Special for the Common Sense Canadian
The Campbell Liberals’ decision to proceed with Site C is almost as bad as their Harmonized Sales Tax scam because it’s obvious from the content of the Site C announcement that it’s premature – before the proper studies have been done – and so is mainly a PR ploy to try to distract public attention away from the popular revolt against the HST.
Furthermore, the way Premier Gordon Campbell was obviously trying to use the Site C issue to position himself into a province-building legacy akin to W.A.C. Bennett’s is further offensive, especially since he has been deconstructing so much of the legacies like B.C. Hydro and BCRail left by previous governments but also because his spending and taxing choices in general have been so regressive.
Those Vancouver school kids demonstrating against underfunding of education were right on: the Campbell crowd can find hundreds of millions of dollars to retrofit a roof for a soccer stadium (and many other dubious spending choices like that) but they won’t find money for school districts to properly fund education, for health boards to properly fund hospitals or for other pressing needs such as welfare and Medicare as well as useful programs such as arts and culture grants.
More recently we have seen a wave of layoffs in the provincial government and it’s no surprise that some of the steepest cuts have come in Ministries such as Environment and Forests that are charged with protecting the public interests while political agencies such as Public Affairs Bureau have generally been spared from such cuts.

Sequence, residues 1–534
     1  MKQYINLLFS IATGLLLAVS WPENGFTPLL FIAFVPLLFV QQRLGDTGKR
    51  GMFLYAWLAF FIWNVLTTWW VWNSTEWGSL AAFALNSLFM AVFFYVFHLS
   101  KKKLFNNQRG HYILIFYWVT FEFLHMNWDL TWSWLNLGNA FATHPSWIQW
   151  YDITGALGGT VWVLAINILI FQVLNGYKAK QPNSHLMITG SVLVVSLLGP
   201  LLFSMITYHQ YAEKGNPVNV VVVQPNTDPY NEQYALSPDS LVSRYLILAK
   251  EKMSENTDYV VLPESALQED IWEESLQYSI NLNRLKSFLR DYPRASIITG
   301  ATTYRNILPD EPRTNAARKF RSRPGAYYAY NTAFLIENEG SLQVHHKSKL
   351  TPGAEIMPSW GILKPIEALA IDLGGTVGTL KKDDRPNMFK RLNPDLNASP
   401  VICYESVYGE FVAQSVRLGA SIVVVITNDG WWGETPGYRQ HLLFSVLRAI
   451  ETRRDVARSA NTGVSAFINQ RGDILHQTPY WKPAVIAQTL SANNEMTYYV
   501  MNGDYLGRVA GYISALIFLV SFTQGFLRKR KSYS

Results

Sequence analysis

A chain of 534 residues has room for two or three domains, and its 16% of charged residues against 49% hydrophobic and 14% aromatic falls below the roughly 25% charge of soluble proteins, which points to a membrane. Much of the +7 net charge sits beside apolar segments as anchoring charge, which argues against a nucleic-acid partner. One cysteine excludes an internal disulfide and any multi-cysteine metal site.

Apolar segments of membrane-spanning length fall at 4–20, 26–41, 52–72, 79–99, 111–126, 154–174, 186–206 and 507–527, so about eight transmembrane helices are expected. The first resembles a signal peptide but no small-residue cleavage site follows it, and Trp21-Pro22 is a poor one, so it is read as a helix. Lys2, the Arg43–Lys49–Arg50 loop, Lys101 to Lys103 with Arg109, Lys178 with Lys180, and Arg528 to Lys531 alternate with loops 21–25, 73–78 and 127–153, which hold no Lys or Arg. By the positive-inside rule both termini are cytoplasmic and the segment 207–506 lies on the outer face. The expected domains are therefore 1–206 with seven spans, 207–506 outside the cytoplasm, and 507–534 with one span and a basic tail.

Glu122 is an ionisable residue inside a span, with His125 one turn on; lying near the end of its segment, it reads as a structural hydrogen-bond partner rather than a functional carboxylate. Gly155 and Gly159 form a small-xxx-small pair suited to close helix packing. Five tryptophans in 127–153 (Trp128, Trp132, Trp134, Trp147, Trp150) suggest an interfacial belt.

It’s clear that the main reason Campbell is doing what he’s doing – bringing in the HST in order to get the $1.6-billion bribe from Ottawa – is to try to minimize his embarrassment over the huge deficit, and especially to try to hide the fact that he lied about the size of that deficit in the previous election campaign, which is unconscionable.
The Site C issue itself is a prime example of Campbell’s deceits: the Campbell Liberals have knowingly misrepresented the state of the province’s energy supplies, claiming we are net importers when really we have an abundance of reliable supplies which we choose to enhance by being clever traders – we import power from Alberta when it’s cheap and we export power to the U.S. when it’s highly profitable.
I am not opposed to economic growth and expansion of power supplies, and I’d even support Site C provided it can be fairly proven to be safe from the engineering perspective and viable from environmental and community perspectives, but I am very opposed to Campbell pushing it ahead prematurely for primarily partisan reasons.
So what we have is Campbell trashing the public interest in many ways and many areas in order to vainly try to rescue his own political reputation. It is disgusting. He must go.
If you haven’t signed the HST petition yet you should ensure you do so well before the July 5 deadline regardless of how you feel about the petition proponent Bill Vander Zalm, whose own record is checkered. That’s because the issues are bigger than the personalities involved, and a vote against the Campbell Liberals’ mismanagement of the HST can also be – and should be – a vote against his mismanagement of many other issues too.